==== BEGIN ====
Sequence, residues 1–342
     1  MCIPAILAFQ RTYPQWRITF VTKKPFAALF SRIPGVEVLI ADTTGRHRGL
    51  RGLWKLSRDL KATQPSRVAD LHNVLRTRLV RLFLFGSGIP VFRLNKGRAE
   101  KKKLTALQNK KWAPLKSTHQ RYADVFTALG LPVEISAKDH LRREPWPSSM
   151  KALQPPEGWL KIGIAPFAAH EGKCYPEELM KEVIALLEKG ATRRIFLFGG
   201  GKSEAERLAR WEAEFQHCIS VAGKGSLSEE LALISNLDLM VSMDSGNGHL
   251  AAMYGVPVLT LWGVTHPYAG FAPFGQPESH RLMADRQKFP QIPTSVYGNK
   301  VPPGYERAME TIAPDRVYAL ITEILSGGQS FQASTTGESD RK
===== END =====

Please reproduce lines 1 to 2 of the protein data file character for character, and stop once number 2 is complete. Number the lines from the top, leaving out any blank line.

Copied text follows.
Sequence, residues 1–342
     1  MCIPAILAFQ RTYPQWRITF VTKKPFAALF SRIPGVEVLI ADTTGRHRGL